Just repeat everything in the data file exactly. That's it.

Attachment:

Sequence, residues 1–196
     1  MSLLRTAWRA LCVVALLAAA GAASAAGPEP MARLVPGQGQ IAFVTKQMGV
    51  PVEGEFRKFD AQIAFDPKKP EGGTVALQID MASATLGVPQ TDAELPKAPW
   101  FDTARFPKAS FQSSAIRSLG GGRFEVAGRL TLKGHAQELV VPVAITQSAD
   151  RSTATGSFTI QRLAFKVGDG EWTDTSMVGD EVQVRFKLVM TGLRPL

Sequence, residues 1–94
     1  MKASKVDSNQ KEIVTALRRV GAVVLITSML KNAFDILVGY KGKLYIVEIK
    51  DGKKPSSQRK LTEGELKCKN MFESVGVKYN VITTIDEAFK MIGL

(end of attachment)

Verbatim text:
Sequence, residues 1–196
     1  MSLLRTAWRA LCVVALLAAA GAASAAGPEP MARLVPGQGQ IAFVTKQMGV
    51  PVEGEFRKFD AQIAFDPKKP EGGTVALQID MASATLGVPQ TDAELPKAPW
   101  FDTARFPKAS FQSSAIRSLG GGRFEVAGRL TLKGHAQELV VPVAITQSAD
   151  RSTATGSFTI QRLAFKVGDG EWTDTSMVGD EVQVRFKLVM TGLRPL

Sequence, residues 1–94
     1  MKASKVDSNQ KEIVTALRRV GAVVLITSML KNAFDILVGY KGKLYIVEIK
    51  DGKKPSSQRK LTEGELKCKN MFESVGVKYN VITTIDEAFK MIGL